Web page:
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Bacon, Gruyere and Shallot Quiche

  • Author: Resha
  • Total Time: 1 hour 5 mins
  • Yield: 8 servings


pie dough recipe adapted from cook’s illustrated.



For the dough:

  • 1 1/4 cups all-purpose flour, plus more for rolling out the dough
  • 1/2 tbsp table salt
  • 1 tbsp granulated sugar
  • 4 tbsp cold unsalted butter, cut into 1/4-inch pieces
  • 3 tbsp vegetable shortening
  • 45 tbsp ice water

For the filling:

  • 6 to 8 slices of bacon cut into 1/2-inch pieces (see note below)
  • 6 tbsp shallots, chopped (depends on the size of shallot used)
  • 1 small clove garlic, finely chopped
  • 1/2 cup Gruyere cheese, shredded
  • 2 tbsp fresh parsley, chopped
  • 2 large eggs
  • 2 large egg yolks
  • 1 cup whole milk
  • 1 cup heavy cream
  • 1/2 tsp ground white or black pepper
  • pinch of cayenne pepper
  • pinch of fresh grated nutmeg


For the dough:

  1. In a food processor, pulse the flour, salt, and sugar until combined. Place the butter pieces over the flour mixture and toss to coat. Cut the butter into the flour with about five pulses. Add the shortening and continue pulsing until the flour is pale-yellow and looks like coarse cornmeal, just a few more pulses. The butter bits should be no larger than small peas. Pour the mixture into a medium bowl.
  2. Evenly sprinkle 4 tablespoons of ice water over the mixture, and fold the dough with a rubber spatula to bring it together. Fold and press down with the spatula until the dough sticks together. Add another tablespoon of ice water if you need to, until it comes together. Work quickly if it’s warm in your house so that your butter doesn’t get too soft — which isn’t good for pie dough. Shape the dough into a ball until it’s cohesive, then flatten it into a 4-inch wide disk. Dust it lightly with flour and wrap securely in plastic wrap. Refrigerate for at least 30 minutes, or up to 2 days before rolling out.
  3. When you’re ready, remove the dough from the refrigerator and let it stand at room temperature for about 10 minutes to soften slightly, just until its easier to work with. If you kept your dough in the fridge longer than 30 minutes, it may need up to 20 minutes at room temperature to become pliable. A good way to test is to squeeze the dough gently — if you can do this easily without applying too much pressure, it’s ready to roll. Roll the dough on a lightly floured surface into a 12-inch circle, about 1/8-inch thick. Gently transport the dough to a pie pan. An easier way to do this is to gently fold the dough in quarters, then place it in the center of the pie plate, and unfold. Press the dough carefully into the corners of the pan by lifting the edges of the dough with one hand and pressing on the bottom of the pan with the other hand. Trim the edges so that just 1/2-inch of the dough hangs from the lip of the pie pan. Tuck this 1/2-inch rim of dough underneath itself so that the folded edge is slightly beyond the lip of the pie pan by about 1/4-inch. Flute the edges of the dough however you’d like. Refrigerate the pie shell for 40 minutes and then freeze for an additional 20 minutes.
  4. Meanwhile, heat your oven to 375 degrees with the oven-rack in the middle. Place a sheet of aluminum foil inside the dough shell and evenly distribute pie weights or dried beans over the foil. Leave the pie weights or dried beans in place and bake the dough until it dries out slighly, about 17 minutes. Carefully remove the foil and weights, and continue baking for about 8-10 more minutes until lightly golden brown. If you’d like a fully baked crust, continue baking for about 15 minutes longer, then let cool. This is called “blind baking”. It allows our bottom crust to set up so that it doesn’t become soggy during the entire baking process. The beans keep the bottom crust from rising up, which could totally ruin the dish.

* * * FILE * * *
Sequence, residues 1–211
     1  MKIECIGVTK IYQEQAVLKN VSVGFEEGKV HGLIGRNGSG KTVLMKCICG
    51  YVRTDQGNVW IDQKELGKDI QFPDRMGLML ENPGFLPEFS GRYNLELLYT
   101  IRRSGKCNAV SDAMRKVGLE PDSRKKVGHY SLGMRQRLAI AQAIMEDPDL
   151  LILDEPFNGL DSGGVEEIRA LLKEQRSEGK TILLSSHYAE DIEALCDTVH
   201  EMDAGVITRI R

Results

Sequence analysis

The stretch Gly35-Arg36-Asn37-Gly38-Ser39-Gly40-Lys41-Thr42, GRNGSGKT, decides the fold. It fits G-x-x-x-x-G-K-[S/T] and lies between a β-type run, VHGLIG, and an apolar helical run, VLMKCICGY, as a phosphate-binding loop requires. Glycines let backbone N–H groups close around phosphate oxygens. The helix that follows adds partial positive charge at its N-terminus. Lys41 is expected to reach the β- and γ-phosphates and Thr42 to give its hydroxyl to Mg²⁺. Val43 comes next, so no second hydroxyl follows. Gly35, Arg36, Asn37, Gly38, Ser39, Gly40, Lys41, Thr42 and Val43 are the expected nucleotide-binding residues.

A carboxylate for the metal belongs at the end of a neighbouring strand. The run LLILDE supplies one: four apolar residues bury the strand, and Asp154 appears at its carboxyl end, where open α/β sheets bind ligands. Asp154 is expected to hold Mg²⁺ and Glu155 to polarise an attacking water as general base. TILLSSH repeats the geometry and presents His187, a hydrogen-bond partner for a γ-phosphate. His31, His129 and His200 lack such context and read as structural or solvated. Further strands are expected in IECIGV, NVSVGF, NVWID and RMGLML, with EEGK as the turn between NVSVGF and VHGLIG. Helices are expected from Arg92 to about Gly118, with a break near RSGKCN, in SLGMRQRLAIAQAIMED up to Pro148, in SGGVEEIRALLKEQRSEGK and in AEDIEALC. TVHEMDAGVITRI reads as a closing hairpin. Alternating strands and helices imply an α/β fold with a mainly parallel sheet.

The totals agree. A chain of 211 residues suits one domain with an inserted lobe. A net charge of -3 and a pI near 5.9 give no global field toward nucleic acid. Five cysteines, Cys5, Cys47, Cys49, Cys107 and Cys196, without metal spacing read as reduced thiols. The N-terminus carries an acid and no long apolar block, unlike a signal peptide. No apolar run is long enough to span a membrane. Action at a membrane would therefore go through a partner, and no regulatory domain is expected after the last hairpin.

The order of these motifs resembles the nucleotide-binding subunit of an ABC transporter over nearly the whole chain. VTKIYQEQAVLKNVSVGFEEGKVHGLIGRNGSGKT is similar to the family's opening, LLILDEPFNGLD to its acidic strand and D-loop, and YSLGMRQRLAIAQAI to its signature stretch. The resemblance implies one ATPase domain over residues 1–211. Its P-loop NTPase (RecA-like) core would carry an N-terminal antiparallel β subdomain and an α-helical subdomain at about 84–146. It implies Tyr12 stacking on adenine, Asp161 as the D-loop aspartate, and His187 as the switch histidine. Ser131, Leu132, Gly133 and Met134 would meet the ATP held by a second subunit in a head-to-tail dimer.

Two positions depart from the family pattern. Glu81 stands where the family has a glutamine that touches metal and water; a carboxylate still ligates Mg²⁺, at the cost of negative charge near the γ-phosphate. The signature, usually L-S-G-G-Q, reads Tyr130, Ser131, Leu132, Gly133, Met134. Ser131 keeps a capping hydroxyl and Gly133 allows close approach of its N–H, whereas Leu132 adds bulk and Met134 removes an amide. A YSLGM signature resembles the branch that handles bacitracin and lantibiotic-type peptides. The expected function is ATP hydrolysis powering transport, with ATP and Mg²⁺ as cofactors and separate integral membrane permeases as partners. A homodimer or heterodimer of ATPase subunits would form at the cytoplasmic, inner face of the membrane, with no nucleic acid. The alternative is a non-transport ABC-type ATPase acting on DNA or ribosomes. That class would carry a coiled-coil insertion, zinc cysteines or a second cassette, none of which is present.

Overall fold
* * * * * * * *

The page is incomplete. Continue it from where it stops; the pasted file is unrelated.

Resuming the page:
For the filling:

  1. Make sure your oven is still heated to 375 degrees. In a large skillet, fry the bacon over medium heat until crisp and brown. With a slotted spoon, transfer the bacon to a paper towel lined plate to drain. In the same skillet, saute the chopped shallots in about 1 tablespoon of the residual bacon fat until softened and lightly golden brown, about 6 minutes. Add the garlic to the shallots and cook for just 30 seconds. Transfer this mixture to a small bowl.
  2. In another bowl, whisk the remaining ingredients — except the cheese. Spread the cheese, shallots, garlic, bacon and chopped parsley evenly over the bottom of the warm pie shell. Set the dish in the oven, then carefully pour the custard mixture into the pie pan leaving about 1/2-inch of the rim visible. Bake until lightly golden brown or until a knife inserted about an inch from the edge comes out clean — about 30-35 minutes. The center should be soft like gelatin and will continue to set up after it’s baked. Cool the quiche and serve warm or at room temperature.


If you’re using THICK cut bacon, you’ll only need about 4 or 5 slices. If your bacon is thinner, the more commercially available kind, use 6 to 8 slices. Please be mindful that bacon is naturally salty and so is the cheese being used. Using too much bacon OR cheese can make the entire quiche too salty. Please use your best judgement, and by all means, taste the filling before it’s baked if you must.

The center of the quiche will be surprisingly soft when it comes out of the oven, but the filling will continue to set (and sink somewhat) as it cools. If the pie shell has been previously baked and cooled, place it in the preheating oven for about five minutes to warm it, taking care that it does not burn.

  • Prep Time: 20 mins
  • Cook Time: 45 mins
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